February 11, 2016
For the travelling executive in need of intimacy or the long-distance couple seeking to let off steam, relief will be found in hi-tech goo. With a few judicious squirts of a bio-gel containing billions of nanobots and a wi-fi connection, mutual orgasm is reached via a layer of shape-shifting ectoplasm.
Of course, the partners at each end of the gel-based romp will only be with each other as the result of a DNA analysis which helpfully narrowed down their choice of a compatible mate to a dozen-strong shortlist. The lucky winner was then selected with the help of a holographic date and a virtual reality snog.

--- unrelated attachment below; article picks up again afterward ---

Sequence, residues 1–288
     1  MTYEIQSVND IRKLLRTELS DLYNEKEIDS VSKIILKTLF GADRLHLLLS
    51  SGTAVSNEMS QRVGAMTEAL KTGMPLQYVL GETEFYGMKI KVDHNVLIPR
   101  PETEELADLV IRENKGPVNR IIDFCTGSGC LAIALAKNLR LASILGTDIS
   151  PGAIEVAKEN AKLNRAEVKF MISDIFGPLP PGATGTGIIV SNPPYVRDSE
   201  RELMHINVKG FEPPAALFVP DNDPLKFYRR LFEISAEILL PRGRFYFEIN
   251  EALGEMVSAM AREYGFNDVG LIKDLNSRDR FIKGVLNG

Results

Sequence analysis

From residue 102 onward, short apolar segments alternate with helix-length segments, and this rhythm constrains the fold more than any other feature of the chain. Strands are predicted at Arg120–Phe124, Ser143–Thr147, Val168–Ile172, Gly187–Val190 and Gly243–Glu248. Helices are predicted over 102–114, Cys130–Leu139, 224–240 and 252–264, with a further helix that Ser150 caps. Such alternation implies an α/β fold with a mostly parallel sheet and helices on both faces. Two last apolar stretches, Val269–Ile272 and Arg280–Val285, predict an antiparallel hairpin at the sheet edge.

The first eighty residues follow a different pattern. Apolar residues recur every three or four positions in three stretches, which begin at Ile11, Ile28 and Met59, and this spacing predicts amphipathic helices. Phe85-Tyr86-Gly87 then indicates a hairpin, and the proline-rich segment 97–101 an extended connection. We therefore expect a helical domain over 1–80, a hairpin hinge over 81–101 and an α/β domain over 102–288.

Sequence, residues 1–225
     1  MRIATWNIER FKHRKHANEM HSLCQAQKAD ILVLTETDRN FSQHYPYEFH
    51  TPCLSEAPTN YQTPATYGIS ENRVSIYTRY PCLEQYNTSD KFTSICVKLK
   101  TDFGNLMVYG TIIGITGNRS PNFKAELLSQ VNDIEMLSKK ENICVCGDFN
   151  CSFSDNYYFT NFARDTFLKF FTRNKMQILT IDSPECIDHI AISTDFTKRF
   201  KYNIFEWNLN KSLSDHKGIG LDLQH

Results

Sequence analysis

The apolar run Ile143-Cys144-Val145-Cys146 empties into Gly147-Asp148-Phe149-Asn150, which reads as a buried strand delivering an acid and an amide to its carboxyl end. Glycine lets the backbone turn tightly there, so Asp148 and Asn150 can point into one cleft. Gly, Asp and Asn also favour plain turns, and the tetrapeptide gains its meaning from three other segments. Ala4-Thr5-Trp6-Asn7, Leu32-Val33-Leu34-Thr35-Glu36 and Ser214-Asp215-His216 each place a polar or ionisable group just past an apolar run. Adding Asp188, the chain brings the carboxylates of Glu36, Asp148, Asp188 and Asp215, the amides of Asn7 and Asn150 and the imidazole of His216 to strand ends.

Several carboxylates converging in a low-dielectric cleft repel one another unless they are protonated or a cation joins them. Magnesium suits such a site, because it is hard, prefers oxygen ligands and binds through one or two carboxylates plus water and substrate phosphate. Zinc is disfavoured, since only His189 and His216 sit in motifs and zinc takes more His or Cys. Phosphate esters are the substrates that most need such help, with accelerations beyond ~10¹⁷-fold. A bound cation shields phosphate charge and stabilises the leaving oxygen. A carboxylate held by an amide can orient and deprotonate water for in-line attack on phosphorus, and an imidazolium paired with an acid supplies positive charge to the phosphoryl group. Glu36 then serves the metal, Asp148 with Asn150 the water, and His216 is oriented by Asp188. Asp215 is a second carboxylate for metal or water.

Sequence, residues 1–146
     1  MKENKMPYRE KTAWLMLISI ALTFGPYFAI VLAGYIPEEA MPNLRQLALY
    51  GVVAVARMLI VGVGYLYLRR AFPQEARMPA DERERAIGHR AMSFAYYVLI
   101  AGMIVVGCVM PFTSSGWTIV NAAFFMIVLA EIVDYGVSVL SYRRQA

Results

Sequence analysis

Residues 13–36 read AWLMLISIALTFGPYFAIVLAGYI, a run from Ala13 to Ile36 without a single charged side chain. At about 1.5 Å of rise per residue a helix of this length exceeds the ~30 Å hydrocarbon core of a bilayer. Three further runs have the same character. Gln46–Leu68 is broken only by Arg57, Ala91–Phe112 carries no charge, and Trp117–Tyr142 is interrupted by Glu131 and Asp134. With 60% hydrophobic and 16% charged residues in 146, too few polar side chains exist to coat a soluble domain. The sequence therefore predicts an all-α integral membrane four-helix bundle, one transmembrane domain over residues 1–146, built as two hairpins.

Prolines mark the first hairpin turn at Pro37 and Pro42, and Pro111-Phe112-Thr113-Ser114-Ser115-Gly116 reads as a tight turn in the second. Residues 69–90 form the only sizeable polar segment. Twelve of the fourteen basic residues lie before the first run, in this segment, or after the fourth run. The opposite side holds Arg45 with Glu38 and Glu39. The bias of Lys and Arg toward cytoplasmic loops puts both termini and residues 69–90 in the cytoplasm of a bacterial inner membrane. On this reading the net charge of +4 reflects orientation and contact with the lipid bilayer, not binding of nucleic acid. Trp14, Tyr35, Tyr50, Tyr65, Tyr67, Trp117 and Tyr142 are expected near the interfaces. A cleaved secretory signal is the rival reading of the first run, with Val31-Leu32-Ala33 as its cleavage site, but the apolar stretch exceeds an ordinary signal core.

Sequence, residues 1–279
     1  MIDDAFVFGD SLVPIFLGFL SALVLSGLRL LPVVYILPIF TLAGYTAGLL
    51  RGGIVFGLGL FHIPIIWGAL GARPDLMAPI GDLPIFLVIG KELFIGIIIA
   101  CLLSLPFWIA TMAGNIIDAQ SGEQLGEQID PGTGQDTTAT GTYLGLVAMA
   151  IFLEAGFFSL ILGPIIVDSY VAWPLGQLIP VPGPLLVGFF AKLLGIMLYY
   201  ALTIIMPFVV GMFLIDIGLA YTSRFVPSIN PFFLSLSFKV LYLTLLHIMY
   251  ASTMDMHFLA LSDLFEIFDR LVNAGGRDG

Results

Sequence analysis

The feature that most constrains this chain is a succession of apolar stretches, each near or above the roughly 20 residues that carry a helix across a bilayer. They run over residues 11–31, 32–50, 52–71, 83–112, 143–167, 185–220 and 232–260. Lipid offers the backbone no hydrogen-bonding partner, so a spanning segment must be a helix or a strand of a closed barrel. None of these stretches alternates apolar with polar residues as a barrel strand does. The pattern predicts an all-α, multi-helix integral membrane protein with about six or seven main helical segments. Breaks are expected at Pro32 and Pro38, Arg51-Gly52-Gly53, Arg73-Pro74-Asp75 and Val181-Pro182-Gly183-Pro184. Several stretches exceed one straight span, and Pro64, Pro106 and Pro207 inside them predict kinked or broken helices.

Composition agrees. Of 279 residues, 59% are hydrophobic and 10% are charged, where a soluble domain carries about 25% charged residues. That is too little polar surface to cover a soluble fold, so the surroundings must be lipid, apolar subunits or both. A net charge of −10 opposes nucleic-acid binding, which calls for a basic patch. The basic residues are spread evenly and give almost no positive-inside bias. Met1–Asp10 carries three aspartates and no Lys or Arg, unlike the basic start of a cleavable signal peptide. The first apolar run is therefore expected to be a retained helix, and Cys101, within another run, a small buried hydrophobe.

It might sound like the product of an over-excited Silicon Valley brainstorm, or the terrifyingly unerotic plot of the latest Hollywood dystopia, but this is how human love may well look by the middle of the century, according to organisers of a blue skies technology festival to take place in London later this year.
The FutureFest, an annual event designed to explore how technology will impact society over the next ten to 30 years, is to look at the booming area of scientific innovation in sex and relationships.
The growth of the global sex toy market to $15bn (£10bn) has been held up as evidence of an increasingly relaxed attitude to bringing technology into the bedroom. But experts claim this is just the beginning of its transformative effect on love lives.
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